Building Beehives For Dummies
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When building an elevated hive stand for your bee, it's easiest to break it down into its individual components — the following tables show you how and provide instructions on how to cut those components. (Note: This design calls for a rabbet cut.)

Lumber in a store is identified by its nominal size, which is its rough dimension before it's trimmed and sanded to its finished size at the lumber mill. The actual finished dimensions are always slightly different from the nominal dimensions. For example, what a lumberyard calls 1 inch x 6 inch lumber is in fact 3/4 inch x 5-1/2 inch.

The Material column in the following table lists nominal dimensions and the Dimensions column lists the actual, final measurements.

You can adjust the stand's height to suit your needs by adjusting the length of the 4-inch-x-4-inch cedar posts. Longer legs result in less bending over during inspections. But keep in mind that the higher the stand, the higher your honey supers will be, potentially making it more difficult to lift the heavy, honey-laden supers off the hive.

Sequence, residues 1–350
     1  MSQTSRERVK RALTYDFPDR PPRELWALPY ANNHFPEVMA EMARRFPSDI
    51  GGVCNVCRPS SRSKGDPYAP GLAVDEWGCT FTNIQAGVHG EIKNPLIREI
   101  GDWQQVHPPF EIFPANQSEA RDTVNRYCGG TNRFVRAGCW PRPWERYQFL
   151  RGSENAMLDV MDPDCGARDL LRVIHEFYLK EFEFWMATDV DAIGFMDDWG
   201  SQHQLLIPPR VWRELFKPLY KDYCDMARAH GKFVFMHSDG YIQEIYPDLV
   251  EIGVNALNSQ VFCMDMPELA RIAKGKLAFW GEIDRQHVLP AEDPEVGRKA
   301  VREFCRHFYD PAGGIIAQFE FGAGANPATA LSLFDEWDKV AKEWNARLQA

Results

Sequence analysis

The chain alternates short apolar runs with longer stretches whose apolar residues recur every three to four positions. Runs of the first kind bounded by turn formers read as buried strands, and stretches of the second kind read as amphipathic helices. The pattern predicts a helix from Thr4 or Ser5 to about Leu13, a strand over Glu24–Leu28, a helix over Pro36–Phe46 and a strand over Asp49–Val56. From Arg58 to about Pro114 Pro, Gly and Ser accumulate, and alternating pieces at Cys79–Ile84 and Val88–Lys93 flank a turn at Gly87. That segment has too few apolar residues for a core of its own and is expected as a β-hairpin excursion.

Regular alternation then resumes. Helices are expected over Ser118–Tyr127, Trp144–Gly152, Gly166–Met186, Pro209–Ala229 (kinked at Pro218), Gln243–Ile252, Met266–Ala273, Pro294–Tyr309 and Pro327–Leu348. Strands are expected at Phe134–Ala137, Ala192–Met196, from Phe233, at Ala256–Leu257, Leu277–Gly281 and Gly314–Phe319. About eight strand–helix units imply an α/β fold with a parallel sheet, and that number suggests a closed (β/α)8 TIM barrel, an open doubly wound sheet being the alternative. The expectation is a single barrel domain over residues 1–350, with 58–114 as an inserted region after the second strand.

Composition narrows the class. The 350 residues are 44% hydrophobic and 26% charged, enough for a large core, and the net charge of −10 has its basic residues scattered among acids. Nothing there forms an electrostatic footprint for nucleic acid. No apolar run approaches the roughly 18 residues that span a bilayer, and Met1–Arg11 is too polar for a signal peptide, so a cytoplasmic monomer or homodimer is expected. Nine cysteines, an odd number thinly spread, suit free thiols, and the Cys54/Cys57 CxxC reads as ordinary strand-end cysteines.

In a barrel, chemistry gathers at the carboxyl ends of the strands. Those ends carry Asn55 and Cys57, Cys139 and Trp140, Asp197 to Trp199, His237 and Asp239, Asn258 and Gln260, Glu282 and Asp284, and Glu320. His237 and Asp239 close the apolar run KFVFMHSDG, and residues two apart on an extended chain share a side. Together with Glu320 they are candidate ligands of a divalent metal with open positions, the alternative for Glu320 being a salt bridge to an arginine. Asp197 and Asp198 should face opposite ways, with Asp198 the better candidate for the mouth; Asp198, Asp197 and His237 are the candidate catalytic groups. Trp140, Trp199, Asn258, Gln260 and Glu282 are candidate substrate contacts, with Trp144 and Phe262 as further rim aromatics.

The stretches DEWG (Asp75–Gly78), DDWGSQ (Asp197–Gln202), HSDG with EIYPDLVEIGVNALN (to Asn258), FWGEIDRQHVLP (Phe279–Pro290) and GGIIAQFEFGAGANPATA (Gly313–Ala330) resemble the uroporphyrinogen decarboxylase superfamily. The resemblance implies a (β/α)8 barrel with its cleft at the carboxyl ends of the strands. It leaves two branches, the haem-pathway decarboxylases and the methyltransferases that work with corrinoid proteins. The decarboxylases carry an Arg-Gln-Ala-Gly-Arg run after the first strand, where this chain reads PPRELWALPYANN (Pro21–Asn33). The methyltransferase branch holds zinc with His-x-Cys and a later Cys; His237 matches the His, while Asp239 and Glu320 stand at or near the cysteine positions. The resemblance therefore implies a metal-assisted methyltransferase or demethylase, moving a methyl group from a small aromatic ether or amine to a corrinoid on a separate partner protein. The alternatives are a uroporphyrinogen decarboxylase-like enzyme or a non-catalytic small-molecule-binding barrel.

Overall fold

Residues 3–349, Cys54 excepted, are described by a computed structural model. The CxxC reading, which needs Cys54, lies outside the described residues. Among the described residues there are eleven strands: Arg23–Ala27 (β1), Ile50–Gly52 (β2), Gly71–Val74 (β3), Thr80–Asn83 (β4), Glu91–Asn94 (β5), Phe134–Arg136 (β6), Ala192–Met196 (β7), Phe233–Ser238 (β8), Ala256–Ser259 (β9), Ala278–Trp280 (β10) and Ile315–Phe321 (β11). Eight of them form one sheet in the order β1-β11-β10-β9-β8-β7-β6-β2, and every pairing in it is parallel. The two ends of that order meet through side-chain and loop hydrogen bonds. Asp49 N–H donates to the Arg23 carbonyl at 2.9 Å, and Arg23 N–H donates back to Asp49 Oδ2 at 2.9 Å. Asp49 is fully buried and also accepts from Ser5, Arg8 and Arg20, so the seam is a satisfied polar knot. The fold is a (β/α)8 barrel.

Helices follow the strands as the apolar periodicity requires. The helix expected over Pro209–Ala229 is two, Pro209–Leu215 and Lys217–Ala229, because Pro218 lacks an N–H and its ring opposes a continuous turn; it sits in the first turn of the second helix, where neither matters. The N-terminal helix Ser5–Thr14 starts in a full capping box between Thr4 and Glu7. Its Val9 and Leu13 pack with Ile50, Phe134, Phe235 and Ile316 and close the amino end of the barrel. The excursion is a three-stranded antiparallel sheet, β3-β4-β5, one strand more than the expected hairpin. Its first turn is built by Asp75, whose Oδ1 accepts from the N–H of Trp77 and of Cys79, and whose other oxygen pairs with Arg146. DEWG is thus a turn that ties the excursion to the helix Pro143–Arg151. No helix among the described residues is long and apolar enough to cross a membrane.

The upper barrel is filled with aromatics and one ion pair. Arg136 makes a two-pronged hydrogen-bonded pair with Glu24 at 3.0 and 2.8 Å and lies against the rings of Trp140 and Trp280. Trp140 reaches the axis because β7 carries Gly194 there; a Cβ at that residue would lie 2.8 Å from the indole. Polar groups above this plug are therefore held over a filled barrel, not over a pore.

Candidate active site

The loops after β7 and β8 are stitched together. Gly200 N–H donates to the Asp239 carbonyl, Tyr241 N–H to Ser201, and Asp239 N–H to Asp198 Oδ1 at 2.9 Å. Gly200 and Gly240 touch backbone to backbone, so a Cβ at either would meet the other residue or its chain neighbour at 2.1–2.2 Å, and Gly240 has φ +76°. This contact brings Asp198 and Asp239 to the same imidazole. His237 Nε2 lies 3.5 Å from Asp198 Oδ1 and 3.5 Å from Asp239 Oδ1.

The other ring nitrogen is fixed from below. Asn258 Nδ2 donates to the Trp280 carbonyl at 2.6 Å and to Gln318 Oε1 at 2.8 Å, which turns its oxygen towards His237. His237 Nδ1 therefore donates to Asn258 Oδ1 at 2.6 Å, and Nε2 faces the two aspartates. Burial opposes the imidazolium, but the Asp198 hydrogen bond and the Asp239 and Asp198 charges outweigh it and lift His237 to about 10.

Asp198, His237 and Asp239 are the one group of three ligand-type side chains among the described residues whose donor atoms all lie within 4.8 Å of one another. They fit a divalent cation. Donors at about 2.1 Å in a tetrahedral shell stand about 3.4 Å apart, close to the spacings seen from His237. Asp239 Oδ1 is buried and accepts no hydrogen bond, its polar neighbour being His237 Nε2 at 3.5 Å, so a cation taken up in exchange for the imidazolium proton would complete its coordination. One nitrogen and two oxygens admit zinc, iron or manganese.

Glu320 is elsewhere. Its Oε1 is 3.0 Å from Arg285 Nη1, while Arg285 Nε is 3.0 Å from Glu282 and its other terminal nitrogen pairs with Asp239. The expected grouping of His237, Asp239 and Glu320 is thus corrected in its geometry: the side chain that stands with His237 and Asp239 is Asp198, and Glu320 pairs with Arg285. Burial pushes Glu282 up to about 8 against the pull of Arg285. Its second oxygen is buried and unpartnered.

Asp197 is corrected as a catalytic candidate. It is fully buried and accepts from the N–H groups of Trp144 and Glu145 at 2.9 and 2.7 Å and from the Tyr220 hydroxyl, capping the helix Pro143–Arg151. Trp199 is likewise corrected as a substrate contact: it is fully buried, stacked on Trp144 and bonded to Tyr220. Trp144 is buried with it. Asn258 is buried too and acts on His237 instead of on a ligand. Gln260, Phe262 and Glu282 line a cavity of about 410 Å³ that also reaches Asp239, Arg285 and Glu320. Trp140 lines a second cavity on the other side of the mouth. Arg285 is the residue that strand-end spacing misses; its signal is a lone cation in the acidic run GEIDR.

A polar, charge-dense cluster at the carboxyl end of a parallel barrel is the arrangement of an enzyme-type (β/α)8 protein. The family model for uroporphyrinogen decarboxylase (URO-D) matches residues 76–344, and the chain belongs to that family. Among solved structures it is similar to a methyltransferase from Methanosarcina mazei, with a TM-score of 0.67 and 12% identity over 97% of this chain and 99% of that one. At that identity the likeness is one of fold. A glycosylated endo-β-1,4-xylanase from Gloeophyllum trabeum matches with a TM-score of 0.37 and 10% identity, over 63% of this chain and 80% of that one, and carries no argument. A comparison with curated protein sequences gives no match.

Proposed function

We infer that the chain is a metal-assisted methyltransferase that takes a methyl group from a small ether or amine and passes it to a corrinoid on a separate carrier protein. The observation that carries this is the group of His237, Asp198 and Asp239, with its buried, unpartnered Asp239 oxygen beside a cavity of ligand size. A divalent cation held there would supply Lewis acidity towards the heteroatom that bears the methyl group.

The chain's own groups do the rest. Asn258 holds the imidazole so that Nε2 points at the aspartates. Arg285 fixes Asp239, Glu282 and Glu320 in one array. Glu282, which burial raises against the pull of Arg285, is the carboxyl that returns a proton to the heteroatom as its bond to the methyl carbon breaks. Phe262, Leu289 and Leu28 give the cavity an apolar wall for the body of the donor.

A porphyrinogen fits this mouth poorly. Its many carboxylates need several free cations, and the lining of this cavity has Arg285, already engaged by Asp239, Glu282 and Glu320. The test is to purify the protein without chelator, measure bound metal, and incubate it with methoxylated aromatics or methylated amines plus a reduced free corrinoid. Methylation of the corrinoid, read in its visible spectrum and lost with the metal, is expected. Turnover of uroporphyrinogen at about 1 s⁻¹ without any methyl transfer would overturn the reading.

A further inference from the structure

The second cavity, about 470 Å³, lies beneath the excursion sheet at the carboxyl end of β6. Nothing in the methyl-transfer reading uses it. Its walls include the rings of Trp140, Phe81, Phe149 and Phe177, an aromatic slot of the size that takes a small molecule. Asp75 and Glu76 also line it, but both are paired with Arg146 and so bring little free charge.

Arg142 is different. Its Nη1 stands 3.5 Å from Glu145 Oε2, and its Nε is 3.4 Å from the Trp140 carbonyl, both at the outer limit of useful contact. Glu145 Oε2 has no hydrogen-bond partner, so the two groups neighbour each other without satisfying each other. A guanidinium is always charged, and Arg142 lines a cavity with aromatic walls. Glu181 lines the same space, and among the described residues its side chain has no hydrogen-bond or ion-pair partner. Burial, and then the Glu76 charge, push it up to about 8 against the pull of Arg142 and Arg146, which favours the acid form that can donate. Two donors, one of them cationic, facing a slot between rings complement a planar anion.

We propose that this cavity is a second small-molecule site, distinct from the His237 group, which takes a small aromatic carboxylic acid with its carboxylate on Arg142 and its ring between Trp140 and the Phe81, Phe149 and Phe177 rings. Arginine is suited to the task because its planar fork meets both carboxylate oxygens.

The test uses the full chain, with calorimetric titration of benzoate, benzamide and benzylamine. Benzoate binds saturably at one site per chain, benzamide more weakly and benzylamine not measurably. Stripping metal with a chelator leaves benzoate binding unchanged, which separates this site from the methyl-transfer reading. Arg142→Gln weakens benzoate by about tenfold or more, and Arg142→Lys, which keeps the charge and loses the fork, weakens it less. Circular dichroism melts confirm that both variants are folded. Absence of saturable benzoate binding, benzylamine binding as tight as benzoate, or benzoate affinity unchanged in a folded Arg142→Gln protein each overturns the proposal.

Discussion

Quantity Material Dimensions Notes
4 4" x 4" cedar posts 12-1/4" x 3-1/2" x 3-1/2" These are the leg posts of the stand. Rabbet 5-1/2" wide by 3/4" deep along one end of the post (this rabbet accommodates the narrow sides of the stand).
4 1" x 6" of cedar or knotty pine 24" x 5-1/2" x ¾" These are the long sides of the stand and wide struts for the top.
2 1" x 6" of cedar or knotty pine 24" x 2" x 3/4" These are the narrow struts for the top.
2 1" x 6" of cedar or knotty pine 22-1/2" x 5-1/2" x 3/4" These are the short sides of the stand.

[Credit: Illustration by Felix Freudzon, Freudzon Design]
Credit: Illustration by Felix Freudzon, Freudzon Design

About This Article

This article is from the book:

About the book author:

C. Marina Marchese is an author, beekeeper, and honey sensory expert. She is also the founder of the American Honey Tasting Society and the Red Bee ® brand.

Howland Blackiston is the bestselling author of Beekeeping For Dummies and Building Beehives For Dummies, and founding board member and past president of Con­necticut’s Back Yard Beekeepers Association.

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